I am a sales rep for Book Country Clearing House, a bargain book wholesaler. My primary sales tool is the list, mostly in Excel. I create them, manipulate them, tweak them, and email them to my customers. Sometimes I print and mail or fax them. That, other than going to trade shows, a little blogging, and visiting customers and my PO box, is life.
My customers are in a niche by themselves. Not every bookseller likes to buy from lists. This is another way of saying my customers are getting books others miss. To be fair, buyers who go to trade shows or visit warehouses get books those who don't do these things miss. But the lists are coming right to you at your desk. You can work in your pajamas as you select from current inventory that other buyers don't see.
My prospects, especially those who will never buy from me, often ask why we don't have a web site. I explain this, from the wholesaler's perspective, elsewhere in this blog, but suffice it to say that I have specialized in lists and if you are going to buy from me, you will have to work with my lists. As a result, I do not have many customers (I only have the best customers in the universe!).
Other reps nudge me about this, telling me to get out on the road more often, and I do visit customers more than some. But the customers who pay attention and buy from my lists, a very specific set of customers, consistently get the best books.
There are some respectable advantages to lists (mine in particular, of course!), though I admit they take a little getting used to:
~ Sort by whatever you want, eliminate what you don't
~ Isolate and focus on authors, publishers, quantities available, categories, and price, quickly and easily.
~ Enter your order quantities in an easy-to-save form which can be saved as a receiving document when your order arrives.
~ Get a fast and clear picture of what is new since you last looked or ordered and what is selling elsewhere.
~ With lists you can order from only inventory that you have not ordered before, and you can order from lists of only what you have ordered before, a reorder list, if you wish.
A downside or two are occasionally cited by a few buyers. Some of these are the lists making issues more identifiable, same as they do for the benefits.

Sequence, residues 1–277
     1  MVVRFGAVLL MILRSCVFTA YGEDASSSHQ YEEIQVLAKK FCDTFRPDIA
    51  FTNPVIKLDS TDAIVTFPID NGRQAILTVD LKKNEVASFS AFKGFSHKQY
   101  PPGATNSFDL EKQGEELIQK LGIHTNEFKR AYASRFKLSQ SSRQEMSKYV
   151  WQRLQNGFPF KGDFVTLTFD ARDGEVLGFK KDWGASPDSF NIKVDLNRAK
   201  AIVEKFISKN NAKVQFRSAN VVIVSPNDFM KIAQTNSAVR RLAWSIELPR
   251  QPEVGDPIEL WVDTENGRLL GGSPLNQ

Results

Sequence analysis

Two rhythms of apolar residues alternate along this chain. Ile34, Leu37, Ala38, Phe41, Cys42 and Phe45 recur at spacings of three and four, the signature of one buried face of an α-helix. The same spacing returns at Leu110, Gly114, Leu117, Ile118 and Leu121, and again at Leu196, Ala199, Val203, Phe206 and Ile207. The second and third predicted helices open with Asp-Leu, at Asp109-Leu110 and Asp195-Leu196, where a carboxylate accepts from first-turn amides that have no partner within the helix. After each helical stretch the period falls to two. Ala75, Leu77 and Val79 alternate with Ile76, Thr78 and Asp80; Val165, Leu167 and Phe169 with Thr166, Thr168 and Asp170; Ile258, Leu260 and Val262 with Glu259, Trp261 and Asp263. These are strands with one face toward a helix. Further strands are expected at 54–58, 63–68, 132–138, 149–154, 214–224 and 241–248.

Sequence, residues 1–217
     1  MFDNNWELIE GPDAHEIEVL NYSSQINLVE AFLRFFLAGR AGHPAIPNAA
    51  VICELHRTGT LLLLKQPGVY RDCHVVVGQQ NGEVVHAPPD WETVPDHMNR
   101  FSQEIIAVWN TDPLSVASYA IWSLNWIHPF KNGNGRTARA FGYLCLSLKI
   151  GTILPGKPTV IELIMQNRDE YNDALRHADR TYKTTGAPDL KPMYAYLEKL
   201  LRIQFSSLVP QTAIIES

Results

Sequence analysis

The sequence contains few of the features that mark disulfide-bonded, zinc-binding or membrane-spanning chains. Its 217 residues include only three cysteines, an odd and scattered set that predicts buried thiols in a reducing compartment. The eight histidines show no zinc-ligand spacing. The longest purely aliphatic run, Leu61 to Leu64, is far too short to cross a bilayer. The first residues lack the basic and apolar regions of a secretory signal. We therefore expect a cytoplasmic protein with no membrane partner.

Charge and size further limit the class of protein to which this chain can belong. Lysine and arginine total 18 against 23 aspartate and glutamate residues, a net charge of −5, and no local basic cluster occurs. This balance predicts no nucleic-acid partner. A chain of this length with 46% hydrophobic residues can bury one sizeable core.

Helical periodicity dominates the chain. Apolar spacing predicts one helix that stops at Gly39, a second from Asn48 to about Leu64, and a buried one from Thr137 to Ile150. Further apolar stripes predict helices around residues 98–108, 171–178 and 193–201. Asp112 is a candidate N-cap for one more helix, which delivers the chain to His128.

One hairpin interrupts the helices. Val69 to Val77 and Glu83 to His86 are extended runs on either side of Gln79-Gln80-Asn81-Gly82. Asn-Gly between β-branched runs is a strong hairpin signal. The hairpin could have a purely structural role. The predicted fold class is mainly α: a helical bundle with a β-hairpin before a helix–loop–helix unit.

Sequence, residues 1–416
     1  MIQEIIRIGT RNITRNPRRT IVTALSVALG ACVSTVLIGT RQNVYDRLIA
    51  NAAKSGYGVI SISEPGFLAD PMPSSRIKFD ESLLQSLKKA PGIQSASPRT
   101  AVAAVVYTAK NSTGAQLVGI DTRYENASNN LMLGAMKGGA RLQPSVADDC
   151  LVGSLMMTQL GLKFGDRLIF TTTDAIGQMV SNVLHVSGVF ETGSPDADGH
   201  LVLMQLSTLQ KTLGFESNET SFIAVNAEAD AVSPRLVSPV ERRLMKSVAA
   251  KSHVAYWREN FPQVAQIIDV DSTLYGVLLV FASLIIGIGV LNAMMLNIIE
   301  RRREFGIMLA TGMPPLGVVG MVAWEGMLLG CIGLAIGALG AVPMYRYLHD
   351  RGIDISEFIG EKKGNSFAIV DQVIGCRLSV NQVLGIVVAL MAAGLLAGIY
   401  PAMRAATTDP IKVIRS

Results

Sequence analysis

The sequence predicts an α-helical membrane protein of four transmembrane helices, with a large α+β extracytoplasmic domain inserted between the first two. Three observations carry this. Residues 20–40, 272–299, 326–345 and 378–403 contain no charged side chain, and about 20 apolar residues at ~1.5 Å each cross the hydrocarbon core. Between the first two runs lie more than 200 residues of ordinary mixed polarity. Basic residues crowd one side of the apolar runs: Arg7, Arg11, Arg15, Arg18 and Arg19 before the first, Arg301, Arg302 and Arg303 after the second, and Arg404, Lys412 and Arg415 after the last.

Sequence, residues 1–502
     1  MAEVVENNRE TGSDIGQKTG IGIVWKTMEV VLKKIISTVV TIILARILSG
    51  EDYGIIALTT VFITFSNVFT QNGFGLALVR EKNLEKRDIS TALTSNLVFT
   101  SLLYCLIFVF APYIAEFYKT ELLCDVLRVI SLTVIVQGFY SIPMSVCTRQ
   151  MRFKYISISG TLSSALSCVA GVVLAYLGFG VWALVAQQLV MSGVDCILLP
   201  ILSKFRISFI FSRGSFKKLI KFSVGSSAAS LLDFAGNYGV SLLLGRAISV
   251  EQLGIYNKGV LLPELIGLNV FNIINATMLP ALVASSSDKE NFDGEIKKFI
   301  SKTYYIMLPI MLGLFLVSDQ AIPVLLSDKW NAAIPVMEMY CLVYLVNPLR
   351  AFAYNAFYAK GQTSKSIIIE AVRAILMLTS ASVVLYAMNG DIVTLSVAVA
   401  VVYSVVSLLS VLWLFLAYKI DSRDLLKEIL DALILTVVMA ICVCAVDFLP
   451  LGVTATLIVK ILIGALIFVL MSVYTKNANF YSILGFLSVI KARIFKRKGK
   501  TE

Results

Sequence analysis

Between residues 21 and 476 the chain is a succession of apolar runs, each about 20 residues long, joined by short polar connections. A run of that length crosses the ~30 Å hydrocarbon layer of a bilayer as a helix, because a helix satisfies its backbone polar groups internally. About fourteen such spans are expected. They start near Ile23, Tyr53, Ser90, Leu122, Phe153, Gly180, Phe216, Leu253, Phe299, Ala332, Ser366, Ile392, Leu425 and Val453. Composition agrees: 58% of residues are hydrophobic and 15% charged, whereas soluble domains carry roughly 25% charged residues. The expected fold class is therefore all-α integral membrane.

One of these is the eye glazing issue. While the same thing happens while you are looking at samples, jackets, or pages on a web site, it does seem that looking at lists for long stretches does test attention spans. The way around this is to tackle a bit at a time. Pick a category or an author and ignore everything else, then move on the the next sort.
Another issue is the perception that inventory figures are less reliable. I can put this one to rest. Almost every time I hear a complaint about this problem it is from customers who order from sites and tell me that the fill rate is about the same or worse than orders generated from my lists. The problem is not the venue or the vendor, it is the finite character of these inventories. If you wait half an hour to place your order, there may have been ten or twenty or one hundred other customers buying what you wanted first. This happens on sites as much, if not more, than it does on lists. The other thing to consider is that, while it is not always true, the lists are often the first iteration of the inventory, which then gets plugged into the web site. You are, in effect, getting a preview. This is not always the case, but it is one of the reasons fill rates are not better on one than the other.
If you are a bookseller and would like to sign up to receive my lists, please read my "how to order" page here:
This is a blog by a book wholesale sales rep and meant for booksellers and buyers working at bookstores. If you are looking for great books at great prices, please ask and I will recommend a great bookstore near you.